That should cover all the bases for now.

An uncommonly convoluted con

They say brevity is the soul of wit, but it’s apparently not the soul of spam. I received this in my inbox not too long ago:

From: IMF ADMIN <admin@imfpaymentcenter.com>
Subject: May Good Decision

INTERNATIONAL MONETARY FUND (IMF)
DEPT: WORLD DEBT RECONCILIATION AGENCIES.
ADVISE: YOUR OUTSTANDING PAYMENT NOTIFICATION

Attention Wing Chan

A power of attorney was forwarded to our office this morning by two gentle men, one of them is an American national and he is MR DAVID DEANE by name while the other person is MR… JACK MORGAN by name a CANADIAN national.

This gentlemen claimed to be your representative, and this power of attorney stated that you are dead, they brought an account to replace your information in other to claim your fund of $12.5 Million Usd which is now lying DORMANT and UNCLAIMED, below is the new account they have submitted:

BANK.-HSBC CANADA
Vancouver, CANADA
ACCOUNT NO. 2984-0008-66

Be further informed that this power of attorney also stated that you suffered and died of throat cancer. You are therefore given 24hrs to confirm the truth in this information, If you are still alive, You are to contact us back immediately, Because we work 24 hrs just to ensure that we monitor all the activities going on in regards to the transfer of beneficiaries inheritance and contract payment.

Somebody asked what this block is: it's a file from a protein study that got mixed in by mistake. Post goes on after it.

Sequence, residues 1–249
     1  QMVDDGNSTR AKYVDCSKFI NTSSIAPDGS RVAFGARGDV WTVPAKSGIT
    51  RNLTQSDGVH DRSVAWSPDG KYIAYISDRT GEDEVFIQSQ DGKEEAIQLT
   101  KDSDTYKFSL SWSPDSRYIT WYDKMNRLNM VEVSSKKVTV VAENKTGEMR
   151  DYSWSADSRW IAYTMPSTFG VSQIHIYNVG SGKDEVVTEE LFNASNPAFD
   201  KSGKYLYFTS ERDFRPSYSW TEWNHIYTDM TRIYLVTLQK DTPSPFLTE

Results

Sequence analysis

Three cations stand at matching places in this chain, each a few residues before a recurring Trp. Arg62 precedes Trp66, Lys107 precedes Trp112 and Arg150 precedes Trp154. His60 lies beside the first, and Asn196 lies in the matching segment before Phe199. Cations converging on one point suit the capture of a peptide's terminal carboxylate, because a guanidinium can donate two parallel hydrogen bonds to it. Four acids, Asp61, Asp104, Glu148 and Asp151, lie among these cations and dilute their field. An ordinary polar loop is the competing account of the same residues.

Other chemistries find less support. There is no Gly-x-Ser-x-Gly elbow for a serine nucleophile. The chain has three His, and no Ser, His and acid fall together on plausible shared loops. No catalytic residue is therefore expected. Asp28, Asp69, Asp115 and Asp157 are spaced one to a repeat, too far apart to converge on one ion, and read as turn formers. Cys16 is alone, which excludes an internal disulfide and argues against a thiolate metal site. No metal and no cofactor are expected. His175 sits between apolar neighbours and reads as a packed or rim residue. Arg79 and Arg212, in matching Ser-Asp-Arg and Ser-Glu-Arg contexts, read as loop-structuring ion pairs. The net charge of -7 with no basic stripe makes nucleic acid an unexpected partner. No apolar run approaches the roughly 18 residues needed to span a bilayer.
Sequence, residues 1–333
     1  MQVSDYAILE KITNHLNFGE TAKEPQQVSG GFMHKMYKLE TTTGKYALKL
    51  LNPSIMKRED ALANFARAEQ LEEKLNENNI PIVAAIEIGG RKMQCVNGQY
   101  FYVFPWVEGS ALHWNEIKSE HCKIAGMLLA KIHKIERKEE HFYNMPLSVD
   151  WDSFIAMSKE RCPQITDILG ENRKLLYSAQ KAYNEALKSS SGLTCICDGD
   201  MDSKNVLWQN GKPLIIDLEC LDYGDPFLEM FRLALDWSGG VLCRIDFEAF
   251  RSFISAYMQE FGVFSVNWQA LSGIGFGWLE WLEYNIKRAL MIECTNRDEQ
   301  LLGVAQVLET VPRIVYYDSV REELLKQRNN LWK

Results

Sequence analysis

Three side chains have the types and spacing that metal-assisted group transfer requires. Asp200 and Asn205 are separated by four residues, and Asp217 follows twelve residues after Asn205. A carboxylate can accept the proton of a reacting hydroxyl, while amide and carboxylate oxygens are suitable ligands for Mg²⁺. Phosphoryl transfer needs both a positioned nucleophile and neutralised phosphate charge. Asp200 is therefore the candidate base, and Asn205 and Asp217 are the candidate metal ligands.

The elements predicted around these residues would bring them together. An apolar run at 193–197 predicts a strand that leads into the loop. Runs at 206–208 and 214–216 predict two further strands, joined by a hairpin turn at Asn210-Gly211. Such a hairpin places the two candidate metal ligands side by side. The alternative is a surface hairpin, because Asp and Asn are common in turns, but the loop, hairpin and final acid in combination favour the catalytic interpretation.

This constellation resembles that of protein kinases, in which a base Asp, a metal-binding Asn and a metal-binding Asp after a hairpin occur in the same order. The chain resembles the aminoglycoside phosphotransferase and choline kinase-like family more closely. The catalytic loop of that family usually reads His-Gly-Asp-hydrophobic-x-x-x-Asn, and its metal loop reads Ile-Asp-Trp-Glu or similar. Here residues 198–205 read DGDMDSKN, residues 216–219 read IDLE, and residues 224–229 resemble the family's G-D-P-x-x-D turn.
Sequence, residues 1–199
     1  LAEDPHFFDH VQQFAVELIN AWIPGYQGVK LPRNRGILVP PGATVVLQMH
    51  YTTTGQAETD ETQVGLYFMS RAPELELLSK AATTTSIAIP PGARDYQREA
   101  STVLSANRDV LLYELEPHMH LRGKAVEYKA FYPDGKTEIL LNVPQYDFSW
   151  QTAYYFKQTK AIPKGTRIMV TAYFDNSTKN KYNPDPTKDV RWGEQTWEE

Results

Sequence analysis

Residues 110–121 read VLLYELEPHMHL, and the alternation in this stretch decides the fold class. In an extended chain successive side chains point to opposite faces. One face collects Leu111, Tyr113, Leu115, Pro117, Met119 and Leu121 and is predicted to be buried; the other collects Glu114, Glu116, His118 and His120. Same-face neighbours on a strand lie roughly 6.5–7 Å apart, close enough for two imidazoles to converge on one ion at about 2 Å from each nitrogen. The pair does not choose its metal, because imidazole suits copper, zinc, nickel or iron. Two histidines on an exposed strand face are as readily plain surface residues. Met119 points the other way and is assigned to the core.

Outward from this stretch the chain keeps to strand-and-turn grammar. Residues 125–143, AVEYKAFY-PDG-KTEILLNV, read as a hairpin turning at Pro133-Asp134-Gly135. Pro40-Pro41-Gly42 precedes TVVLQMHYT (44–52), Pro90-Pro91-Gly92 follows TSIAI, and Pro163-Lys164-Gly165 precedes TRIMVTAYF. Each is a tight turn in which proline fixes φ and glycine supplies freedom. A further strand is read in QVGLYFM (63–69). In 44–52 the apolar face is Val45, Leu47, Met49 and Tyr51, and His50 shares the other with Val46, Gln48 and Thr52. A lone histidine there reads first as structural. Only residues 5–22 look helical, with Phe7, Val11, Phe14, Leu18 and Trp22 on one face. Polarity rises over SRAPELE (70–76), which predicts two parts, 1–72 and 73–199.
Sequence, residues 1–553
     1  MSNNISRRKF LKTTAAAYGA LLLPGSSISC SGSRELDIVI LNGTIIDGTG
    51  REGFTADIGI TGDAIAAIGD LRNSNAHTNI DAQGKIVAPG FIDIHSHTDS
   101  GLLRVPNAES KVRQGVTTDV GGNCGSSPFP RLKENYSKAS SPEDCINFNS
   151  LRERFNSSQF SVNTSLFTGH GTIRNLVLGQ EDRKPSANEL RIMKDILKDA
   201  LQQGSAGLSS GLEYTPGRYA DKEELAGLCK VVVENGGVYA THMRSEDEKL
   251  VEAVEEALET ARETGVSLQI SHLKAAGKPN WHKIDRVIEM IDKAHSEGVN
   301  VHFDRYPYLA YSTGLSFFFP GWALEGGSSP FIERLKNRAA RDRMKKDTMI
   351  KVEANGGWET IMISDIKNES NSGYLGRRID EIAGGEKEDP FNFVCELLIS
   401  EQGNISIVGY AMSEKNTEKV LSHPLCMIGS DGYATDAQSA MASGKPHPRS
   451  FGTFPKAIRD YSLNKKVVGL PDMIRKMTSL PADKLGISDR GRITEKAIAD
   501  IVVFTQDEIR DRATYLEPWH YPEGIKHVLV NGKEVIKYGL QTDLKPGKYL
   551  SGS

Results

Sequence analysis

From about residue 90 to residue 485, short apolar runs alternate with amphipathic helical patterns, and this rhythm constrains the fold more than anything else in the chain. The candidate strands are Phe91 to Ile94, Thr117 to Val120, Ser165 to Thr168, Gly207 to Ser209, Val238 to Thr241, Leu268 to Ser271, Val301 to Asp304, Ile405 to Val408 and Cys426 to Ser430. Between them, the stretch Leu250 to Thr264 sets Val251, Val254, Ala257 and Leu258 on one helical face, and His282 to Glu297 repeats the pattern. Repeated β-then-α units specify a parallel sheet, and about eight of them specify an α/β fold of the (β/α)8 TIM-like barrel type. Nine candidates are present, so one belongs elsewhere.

You are to call this office +44(0)7778022499 immediately for clarifications on this matter as we shall be available 24 hrs to speak with you and give you the necessary guidelines on how to ensure that your payment is wired to you immediately.

I have attached a copy of the last part payment of $500,000.00 which was paid into your provided account last week, please check is this is the same account submitted by this two men who claimed to be your representative. Reply this email to [redacted]

Kindly reply

Rev. David Churchman
International Monetary Funds Agents

I get what they’re trying to do here. The victim is supposed to think they got a message intended for someone else (“Wing Chan”) who has a whole lot of money tied up in some account, but they think Wing Chan is dead and would he please confirm that? I assume that the victim is supposed to decide to commit a little fraud himself and reply, “No, I’m Wing Chan and I’m totally alive so give me all that money now please,” followed by the usual, “But wait…you have to wire us a bunch of money first.”

But what a twisty, turny, tricksy route they take to get there. It’s a real adventure, what with the two “gentle men,” the throat cancer and the involvement of the International Monetary Fund.

Here’s the thing about the IMF: I’m fairly certain they don’t handle individual estate accounts for anyone living or dead or allegedly dead. They don’t mention it on their own website.  They deal with financial situations in and between nations. $12.5 million is a lot of money to most individual people. To the IMF, it’s like a nickel dropped down a storm drain. They’re not going to get involved.

So yes, this is an obvious example of spam. I wanted to show it to you, though, because it’s kind of weird. As always, “do this to claim your free money” is forever a scam and always has been.

Tell Your Parents: seniors lose $36 billion every year to financial fraud

image-criminal-fraud-01Jerry Seinfeld used to do a great bit about aging. The not-very-funny paraphrased version for our purposes today is that, when people get older, everything gets smaller—the meals, the houses, their bodies. Everything except the car, which just get bigger.